Live review

Nick Cave And The Bad Seeds - St Luke's Church, London, May 15, 2008

This gig is being recorded for BBC Four and, as with this kind of thing, there’s something slightly odd about tonight’s proceedings. We’re in the splendid hall of a restored 18th century church, sitting around tables, mindful of the cameras and lengths of cables snaking across the floor, practising clapping for the Assistant Stage Manager. If “live” is a spontaneous celebration of the power of rock’n’roll, then we’re a long way from Kansas, Toto.

It is, arguably, a somewhat incongruous environment to see Nick Cave And The Bad Seeds play, anyway.

They arrive on stage looking like a bunch of bounty hunters from a Cormac McCarthy novel, dragged out of the desert and smartened up for the night. There is a lot of facial hair on display, some of it – particularly in the case of Cave’s General-Adjutant Warren Ellis – impressively wild and straggly. Quite what the original parishioners of St Luke’s would have made of them is anyone’s guess, but you could safely assume there’d be a stampede for the Holy Water.

In fact, despite their rather feral demeanour, there’s something incredibly engaging about the band and Cave particularly, whose patter is more stand-up comic than rock star. After asking the 200-strong audience for requests, someone shouts out for “The Carny”. “No, no,” says Cave, shaking his head. “I mean – sure, I can sing it, but these guys…” his voice tails off and he points behind him, shrugging, as if to say ‘You see what I’m lumbered with..?’ Later, apparently bored with Cave’s windly introduction to a song, Ellis mischievously starts coaxing wails of feedback from his guitar, forcing him to start his intro again, twice.

And to the songs themselves? We’re treated to a fantastic, career-spanning set, stretching as far back as 1985’s “Tupelo” and framed by "Dig, Lazarus, Dig!!!” and “More News From Nowhere”, from the new album. It’s a glorious celebration of Cave’s astonishing body of work with the Bad Seeds, of which a sustained level of quality is key. So we get piano ballads – “Into Your Arms”, “The Ship Song” – hellfire hits “Stagger Lee” and “Deanna” as well as “The Mercy Seat”, “Let Love In”, “God Is In The House”, “We Call Upon The Author” and “Red Right Hand”. No fat, in other words.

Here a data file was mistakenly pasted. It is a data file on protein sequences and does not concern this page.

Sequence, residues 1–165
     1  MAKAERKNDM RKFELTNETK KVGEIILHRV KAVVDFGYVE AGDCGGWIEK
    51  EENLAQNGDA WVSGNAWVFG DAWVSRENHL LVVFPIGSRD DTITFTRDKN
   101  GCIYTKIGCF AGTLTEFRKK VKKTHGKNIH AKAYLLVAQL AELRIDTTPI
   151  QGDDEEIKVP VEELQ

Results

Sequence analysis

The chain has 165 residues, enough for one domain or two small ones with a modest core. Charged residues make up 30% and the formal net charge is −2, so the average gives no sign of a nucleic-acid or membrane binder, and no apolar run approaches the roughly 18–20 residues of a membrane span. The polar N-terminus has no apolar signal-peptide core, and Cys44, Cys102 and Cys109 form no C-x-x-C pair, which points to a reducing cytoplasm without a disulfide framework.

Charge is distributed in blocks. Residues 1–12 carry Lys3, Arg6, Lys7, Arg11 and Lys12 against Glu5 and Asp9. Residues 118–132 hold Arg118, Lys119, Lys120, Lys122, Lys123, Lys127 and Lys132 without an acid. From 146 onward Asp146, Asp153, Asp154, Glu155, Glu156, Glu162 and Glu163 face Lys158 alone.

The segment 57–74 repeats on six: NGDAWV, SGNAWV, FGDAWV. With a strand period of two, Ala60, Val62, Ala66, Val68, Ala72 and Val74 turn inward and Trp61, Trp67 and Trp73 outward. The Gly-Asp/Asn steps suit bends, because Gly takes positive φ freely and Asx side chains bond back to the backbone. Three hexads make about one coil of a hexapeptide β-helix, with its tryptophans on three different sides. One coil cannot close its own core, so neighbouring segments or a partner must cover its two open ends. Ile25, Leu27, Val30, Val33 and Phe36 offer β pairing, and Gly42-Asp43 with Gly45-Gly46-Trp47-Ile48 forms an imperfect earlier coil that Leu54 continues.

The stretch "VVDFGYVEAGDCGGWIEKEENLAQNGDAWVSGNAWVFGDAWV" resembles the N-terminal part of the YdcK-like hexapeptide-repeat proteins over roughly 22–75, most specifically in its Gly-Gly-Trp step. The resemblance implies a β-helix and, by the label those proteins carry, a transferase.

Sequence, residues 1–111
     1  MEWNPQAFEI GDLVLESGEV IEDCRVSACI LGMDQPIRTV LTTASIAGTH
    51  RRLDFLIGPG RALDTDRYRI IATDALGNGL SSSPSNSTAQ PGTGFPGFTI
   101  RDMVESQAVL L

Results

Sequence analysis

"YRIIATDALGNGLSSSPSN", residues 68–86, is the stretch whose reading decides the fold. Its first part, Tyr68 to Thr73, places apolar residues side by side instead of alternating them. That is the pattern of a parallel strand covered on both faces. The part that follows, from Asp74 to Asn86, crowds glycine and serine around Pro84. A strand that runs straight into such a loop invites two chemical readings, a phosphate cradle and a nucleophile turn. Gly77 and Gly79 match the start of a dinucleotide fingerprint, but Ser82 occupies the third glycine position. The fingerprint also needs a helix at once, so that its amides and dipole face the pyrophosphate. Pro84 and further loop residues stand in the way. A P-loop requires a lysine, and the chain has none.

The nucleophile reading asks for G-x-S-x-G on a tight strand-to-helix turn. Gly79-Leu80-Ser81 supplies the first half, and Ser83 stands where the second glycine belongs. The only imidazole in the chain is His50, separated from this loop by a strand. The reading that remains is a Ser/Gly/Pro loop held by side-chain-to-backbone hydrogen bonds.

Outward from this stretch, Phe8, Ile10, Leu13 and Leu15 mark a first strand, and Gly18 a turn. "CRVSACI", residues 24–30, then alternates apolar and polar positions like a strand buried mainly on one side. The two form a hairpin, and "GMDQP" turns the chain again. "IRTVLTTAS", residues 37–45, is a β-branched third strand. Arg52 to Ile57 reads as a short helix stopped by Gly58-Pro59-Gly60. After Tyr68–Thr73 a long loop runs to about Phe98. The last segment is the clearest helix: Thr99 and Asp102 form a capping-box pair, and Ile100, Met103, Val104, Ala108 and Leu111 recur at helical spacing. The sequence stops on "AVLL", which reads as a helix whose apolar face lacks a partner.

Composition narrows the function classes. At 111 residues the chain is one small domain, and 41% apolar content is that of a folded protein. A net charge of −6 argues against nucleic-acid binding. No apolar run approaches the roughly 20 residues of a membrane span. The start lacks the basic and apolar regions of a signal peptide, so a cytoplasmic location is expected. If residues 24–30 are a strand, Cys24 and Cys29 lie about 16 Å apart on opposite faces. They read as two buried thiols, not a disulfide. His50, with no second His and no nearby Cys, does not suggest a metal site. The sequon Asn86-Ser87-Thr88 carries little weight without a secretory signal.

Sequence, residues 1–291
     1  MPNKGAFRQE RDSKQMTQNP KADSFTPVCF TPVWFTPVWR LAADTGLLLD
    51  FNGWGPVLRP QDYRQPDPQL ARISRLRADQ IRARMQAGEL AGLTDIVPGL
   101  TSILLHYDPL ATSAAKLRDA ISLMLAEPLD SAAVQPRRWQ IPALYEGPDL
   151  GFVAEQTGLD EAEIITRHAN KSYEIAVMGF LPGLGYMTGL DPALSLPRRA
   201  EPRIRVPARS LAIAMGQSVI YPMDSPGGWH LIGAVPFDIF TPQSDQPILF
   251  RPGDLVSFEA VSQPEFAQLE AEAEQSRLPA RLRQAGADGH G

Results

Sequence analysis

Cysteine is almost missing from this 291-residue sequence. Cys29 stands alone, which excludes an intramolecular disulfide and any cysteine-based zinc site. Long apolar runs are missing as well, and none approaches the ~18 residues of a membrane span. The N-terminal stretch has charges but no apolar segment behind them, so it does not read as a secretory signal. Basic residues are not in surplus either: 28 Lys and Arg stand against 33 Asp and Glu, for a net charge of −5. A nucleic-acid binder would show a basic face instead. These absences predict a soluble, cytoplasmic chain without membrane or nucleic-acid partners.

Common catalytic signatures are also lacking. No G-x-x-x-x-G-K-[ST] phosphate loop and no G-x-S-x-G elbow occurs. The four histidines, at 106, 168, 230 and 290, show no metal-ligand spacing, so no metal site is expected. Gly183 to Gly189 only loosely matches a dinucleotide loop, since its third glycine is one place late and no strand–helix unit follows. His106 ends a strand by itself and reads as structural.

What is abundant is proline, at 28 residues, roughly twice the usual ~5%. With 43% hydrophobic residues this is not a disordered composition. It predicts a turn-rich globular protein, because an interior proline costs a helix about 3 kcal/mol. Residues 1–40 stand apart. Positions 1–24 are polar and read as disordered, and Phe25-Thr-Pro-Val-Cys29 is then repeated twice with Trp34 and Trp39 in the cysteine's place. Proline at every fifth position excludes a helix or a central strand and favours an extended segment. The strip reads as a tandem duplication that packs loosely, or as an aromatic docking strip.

Cave issues only one stage direction all night – he turns to drummer Jim Sclavunos at the start of “Into Your Arms” and says “Fairly brisk”. Such is the rapport between band members. And they do make for a fairly interesting spectacle; whether it be bassist Martyn P Casey, standing motionless on some kind of plinth all night, or Ellis, gleefully going at his large collection of mandocasters (a 5 string guitar which is tuned in 5ths and has the scale of a violin/mandolin, according to Google). During an almighty version of “Stagger Lee” Ellis dispenses with instruments altogether, opting instead to roll around on the floor bashing away at his effects pedals.

Cave, dressed in faintly ridiculous purple striped trousers, throws himself around the stage, leaning in to stab at his keyboards, attack his guitar, or serenade a member of the audience. He’s a brilliant showman, of course, and there comes a point where, perhaps, he realizes the inherent ludicrousness of men of a certain age playing rock music, but never baulks from immersing himself totally in the moment.

And then, suddenly, they’re gone, the lights are up, no encore. That being, quite emphatically, the end of that.


Dig, Lazarus, Dig!!!
Red Right Hand
Midnight Man
Let Love In 
God Is In The House
Into My Arms
Today's Lesson
Get Ready For Love
Lyre Of Orpheus
The Ship Song
The Mercy Seat
Call Upon The Author
Hard On For Love
Stagger Lee
More News From Nowhere


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